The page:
The KonMari method can be seen everywhere on Pinterest or on YouTube: “Clean Up with Me,” “Organizing: Find Happiness and Joy,” “Reduce Clutter, the KonMari Method.” Posts like these are always paired together with a professional photo of a pristine house with white marble countertops, perfectly vacuumed carpets and a trendy couch from Anthropologie. The change from a messy collegiate racoon to a fashionably organized Persian cat seems unachievable especially when one is on a college budget. However, I have been able to implement some of these elements into my own life and it was surprisingly easier than I thought.
The truth is that it’s not only about keeping the things and objects that spark joy. It is about simplifying one’s own life through self-reflection to create productivity. For the KonMari method to work, I had to evaluate each part of my day to know what would make life easier for me. Simplicity always is the answer to anything in life. Life moves only at the pace you decide is best for you and I have found that I am my happiest when I put forth the effort to make things easier for me.
So where did I begin? Logically, I started in the morning and I took it upon myself to consider what I do in the mornings before I head out the door. I didn’t need to hesitate about what I do first thing, even before I open my eyes—I reach for my phone to stop the alarm clock and then check social media and emails. Right off the bat, I came to realize that doing this is extremely unhealthy. By reaching for my phone, I am giving my attention to something else, when I should be focused on myself. I learned that unless there is an extreme emergency, notifications can wait until I can handle them.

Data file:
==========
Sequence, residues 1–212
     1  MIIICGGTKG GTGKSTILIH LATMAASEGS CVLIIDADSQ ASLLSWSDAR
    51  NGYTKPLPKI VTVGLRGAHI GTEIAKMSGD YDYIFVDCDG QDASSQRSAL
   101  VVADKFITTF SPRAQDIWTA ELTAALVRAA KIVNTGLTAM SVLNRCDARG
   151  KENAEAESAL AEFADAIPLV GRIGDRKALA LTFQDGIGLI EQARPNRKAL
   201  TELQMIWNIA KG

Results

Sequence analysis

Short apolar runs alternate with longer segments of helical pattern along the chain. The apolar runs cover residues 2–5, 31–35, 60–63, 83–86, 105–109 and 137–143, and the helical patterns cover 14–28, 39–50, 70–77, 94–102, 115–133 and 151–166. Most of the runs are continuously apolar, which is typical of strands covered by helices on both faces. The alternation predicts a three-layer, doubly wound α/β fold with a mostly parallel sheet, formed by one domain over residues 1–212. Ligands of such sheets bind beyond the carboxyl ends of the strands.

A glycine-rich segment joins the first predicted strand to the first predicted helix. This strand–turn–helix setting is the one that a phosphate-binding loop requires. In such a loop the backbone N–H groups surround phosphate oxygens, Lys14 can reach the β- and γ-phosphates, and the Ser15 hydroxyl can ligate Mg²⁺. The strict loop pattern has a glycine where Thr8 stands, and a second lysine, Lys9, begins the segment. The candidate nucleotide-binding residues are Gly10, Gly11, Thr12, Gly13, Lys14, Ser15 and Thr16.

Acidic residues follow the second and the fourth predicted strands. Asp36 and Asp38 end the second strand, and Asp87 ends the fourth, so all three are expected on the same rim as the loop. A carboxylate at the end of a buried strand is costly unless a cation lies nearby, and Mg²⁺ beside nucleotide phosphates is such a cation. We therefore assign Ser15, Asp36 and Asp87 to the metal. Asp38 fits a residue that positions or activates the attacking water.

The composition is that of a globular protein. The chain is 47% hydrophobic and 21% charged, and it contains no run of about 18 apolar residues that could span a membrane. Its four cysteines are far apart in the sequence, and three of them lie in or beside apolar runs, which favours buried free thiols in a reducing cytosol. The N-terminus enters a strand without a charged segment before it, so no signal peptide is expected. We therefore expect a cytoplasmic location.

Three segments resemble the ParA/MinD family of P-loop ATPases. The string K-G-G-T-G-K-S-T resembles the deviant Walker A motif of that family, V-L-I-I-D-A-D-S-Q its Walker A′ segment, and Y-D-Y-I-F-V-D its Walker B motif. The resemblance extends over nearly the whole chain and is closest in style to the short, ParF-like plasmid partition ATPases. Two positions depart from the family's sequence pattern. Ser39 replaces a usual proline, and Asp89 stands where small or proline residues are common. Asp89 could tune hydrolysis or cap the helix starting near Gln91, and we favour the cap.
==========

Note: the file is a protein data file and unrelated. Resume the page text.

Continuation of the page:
Depending on how well one sleeps, it takes a person between fifteen minutes to one hour to fully wake up. If I don’t expect the Internet to work instantly in the morning, then I shouldn’t expect myself to be up and ready in 5 minutes. Having a simple routine doesn’t mean that you don’t have your life together. It means that you understand yourself enough to know what works.
In the course of the weekday, I am very busy. Class after class, eating and procrastinating are not only exhausting but boring. I can get often distracted by the notifications of every assignment being on Canvas, eliminating the need to write things down. It’s time to rethink the idea that we are robots and concede that we don’t have the brains or storage capacities of supercomputers, despite them being at our fingertips. If this is you, you can apply KonMari methods to this feeling of constant distraction by organizing your thoughts.
If you need to do homework, schedule it out. 30-minute nap at 2:30? Schedule it. Eat a vegetable? Schedule it. Declutter your mind by putting it to paper. This is why bullet journals and planner companies have taken off like wildfire. You can organize your life by managing and breaking down the things that take up time, energy and importance thus bringing you joy.
When it comes to ending the day, I remember simplicity. I start with the basics: complete small tasks, get ready for bed, and then stop. Look around, check the clock, and see if there is something I desperately need and can do within 5 minutes. If so, I handle it or take 5 minutes to come up with a plan. I constantly assess my needs, acknowledge them and then take care of them, thus proactively managing my time and saving my sanity.
By: Rose Hofstetter | Staff Writer